Home prices continue to increase at an exponential rate in Middle Tennessee and Antioch is no different.
Prices have gotten so high that retirees, like Rochelle Grigsby, have to turn to Habitat for Humanity of Greater Nashville to find an affordable place to live.
“It was something that I thought could never afford but Habitat made it possible,” Grigsby said Friday, April 28, while watching volunteers from Nissan North America and members of the automotive media work on her future home in a neighborhood off Smith Springs Road in Anitoch.
Grigsby isn’t alone in her struggle to find affordable housing.
The recent county-wide reappraisal showed a 37 percent median increase since 2013 across Davidson County. Some areas around downtown Nashville saw appraised values soar upwards of 45 percent. Around Antioch, the increase in home values was around 30 percent, according to the Davidson County Property Assessor’s Office.
The reappraisal was so high, it knocked Metro’s tax rate from $4.516 to $3.155, according to the Metro budget for fiscal year 2017-18.
But a reappraisal doesn’t give full market value.
Over the past four years, prices for homes sold in Antioch’s main zip code, 37013, have increased a staggering 47 percent, said Steven Dotson, president of Red Realty and issuer of the Red Report, a monthly report on the housing market in Davidson, Rutherford, Wilson and Williamson counties.
“In 2013, the average sales price was $183,035,” he said. “In the last 12 months, the average sales price was $269,196.”
After looking at prices from across the midstate, Dotson said the price for a closed home sale was also up 47 percent from March 2013 to March 2017.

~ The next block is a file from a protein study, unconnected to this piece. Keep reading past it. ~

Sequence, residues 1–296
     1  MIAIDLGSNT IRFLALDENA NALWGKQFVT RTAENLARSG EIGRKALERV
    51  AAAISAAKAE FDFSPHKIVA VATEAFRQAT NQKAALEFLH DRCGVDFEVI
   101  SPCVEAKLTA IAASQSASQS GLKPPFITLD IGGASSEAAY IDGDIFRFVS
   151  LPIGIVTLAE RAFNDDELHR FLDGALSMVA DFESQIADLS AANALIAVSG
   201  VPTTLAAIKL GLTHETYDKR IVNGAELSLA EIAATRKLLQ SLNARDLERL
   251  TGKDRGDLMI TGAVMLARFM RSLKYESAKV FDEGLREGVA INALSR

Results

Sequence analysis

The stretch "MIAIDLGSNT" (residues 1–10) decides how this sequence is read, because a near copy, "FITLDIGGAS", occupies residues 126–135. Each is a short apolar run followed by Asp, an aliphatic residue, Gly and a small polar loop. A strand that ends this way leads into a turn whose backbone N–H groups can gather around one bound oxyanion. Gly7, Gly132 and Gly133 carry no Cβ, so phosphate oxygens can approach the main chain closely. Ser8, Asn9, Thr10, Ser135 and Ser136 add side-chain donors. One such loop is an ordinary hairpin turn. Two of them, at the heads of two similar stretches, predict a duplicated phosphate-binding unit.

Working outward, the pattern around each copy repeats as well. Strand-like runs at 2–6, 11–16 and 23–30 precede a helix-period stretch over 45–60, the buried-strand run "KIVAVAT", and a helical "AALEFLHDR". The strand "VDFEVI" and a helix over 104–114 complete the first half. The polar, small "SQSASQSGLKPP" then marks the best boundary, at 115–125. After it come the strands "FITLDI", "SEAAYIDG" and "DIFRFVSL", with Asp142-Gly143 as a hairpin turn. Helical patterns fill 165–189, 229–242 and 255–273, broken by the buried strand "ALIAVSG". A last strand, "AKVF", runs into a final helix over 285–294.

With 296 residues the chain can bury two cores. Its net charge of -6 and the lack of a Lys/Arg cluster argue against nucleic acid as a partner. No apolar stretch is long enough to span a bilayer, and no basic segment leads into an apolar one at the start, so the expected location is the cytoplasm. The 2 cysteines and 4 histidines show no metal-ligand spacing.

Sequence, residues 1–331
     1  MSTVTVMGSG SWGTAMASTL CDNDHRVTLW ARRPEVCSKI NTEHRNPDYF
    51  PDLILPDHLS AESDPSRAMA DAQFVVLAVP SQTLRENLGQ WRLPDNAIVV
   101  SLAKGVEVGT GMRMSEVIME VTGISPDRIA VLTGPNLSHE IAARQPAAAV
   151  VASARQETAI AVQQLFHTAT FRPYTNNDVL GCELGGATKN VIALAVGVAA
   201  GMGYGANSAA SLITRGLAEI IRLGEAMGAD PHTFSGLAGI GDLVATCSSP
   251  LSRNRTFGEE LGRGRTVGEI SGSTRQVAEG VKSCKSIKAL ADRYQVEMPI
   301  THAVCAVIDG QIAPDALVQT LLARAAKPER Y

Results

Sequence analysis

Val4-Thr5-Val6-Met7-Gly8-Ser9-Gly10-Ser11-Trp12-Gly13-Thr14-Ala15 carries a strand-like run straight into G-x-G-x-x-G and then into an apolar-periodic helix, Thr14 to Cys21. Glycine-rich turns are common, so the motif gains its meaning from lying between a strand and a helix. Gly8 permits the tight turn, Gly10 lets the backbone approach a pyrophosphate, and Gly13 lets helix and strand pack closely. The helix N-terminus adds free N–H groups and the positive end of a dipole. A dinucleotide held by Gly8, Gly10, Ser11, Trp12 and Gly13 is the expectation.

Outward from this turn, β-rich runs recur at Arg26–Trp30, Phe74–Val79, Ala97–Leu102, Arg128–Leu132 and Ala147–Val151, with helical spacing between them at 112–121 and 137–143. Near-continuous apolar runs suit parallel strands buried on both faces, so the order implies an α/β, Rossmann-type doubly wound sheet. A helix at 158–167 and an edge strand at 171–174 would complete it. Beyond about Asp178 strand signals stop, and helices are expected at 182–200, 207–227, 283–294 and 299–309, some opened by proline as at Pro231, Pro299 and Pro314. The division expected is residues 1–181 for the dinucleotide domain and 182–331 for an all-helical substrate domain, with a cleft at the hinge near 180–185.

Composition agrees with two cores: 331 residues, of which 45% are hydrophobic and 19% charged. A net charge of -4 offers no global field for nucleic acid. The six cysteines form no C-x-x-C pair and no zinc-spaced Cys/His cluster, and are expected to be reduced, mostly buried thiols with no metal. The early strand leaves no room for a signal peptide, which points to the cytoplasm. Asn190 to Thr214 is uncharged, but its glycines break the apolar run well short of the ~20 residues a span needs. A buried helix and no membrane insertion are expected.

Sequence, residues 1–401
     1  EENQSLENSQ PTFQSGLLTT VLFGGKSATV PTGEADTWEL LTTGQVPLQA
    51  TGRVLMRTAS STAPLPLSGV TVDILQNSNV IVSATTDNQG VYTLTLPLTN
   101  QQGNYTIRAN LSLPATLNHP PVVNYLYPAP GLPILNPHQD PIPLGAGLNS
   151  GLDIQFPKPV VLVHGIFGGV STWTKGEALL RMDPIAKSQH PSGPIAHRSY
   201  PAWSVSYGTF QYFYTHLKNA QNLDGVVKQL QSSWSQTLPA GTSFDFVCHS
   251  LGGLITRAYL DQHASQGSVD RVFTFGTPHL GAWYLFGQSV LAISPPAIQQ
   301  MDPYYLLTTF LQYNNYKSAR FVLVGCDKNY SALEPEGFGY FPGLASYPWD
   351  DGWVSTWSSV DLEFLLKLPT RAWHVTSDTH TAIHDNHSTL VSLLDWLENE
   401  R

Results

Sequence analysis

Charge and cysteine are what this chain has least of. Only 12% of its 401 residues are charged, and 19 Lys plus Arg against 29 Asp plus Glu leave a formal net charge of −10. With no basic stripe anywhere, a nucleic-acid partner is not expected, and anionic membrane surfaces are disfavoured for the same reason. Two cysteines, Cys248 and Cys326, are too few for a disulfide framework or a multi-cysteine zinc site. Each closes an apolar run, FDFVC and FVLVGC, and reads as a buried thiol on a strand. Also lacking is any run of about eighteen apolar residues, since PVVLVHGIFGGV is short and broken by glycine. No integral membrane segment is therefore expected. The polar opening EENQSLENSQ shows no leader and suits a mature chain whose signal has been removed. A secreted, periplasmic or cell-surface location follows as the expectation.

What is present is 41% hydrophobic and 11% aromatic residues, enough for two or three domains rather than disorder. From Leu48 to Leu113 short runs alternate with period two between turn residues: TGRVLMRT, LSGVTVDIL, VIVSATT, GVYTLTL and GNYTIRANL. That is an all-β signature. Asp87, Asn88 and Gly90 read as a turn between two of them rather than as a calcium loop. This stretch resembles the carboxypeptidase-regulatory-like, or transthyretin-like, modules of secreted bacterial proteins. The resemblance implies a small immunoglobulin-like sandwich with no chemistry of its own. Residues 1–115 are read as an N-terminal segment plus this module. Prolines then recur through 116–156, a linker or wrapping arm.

The issue hasn’t gone unnoticed by Metro’s leadership. In an attempt to help more people like Grigsby, Mayor Megan Barry has made affordable housing one of the signature issues of her tenure.
She has championed programs like the Barnes Fund for Affordable Housing, which has invested more than $4 million in affordable housing since 2013, funding more than 100 housing units; launched the Housing Incentives Pilot Program, which motivates private developers to incorporate affordable and workforce units into their developments; and spearheaded the Inclusionary Housing Ordinance, which requires homebuilders to set aside part of their developments for affordable or workforce housing or pay a fee.
With home prices as skyrocketing, it’s no surprise that Grigsby turned to Habitat for Humanity of Greater Nashville.
Grigsby, who retired from Nashville’s CNA Insurance and lives on a pension, was one of 39 applicants chosen out of a pool of 1,000 to receive a Habitat home, according to the nonprofit.
She applied in 2014 and wasn’t sure if she would be selected, she said.
“It’s a wonderful feeling I never thought I’d come this far as a homeowner but now that it’s going up in front of me it’s amazing,” she said in between handing out water in volunteers.
Once the final nails are pounded and Grigsby completes her 250 hours of sweat equity along with financial and homeowner classes, she can finally move into a home of her own.
“I’m amazed. I appreciate everything. I’m grateful. I’m blessed. I’m just happy,” said Grigsby who has no children and plans to will the home to her nephew Justin Pye.
Michelle Willard can be reached at [email protected].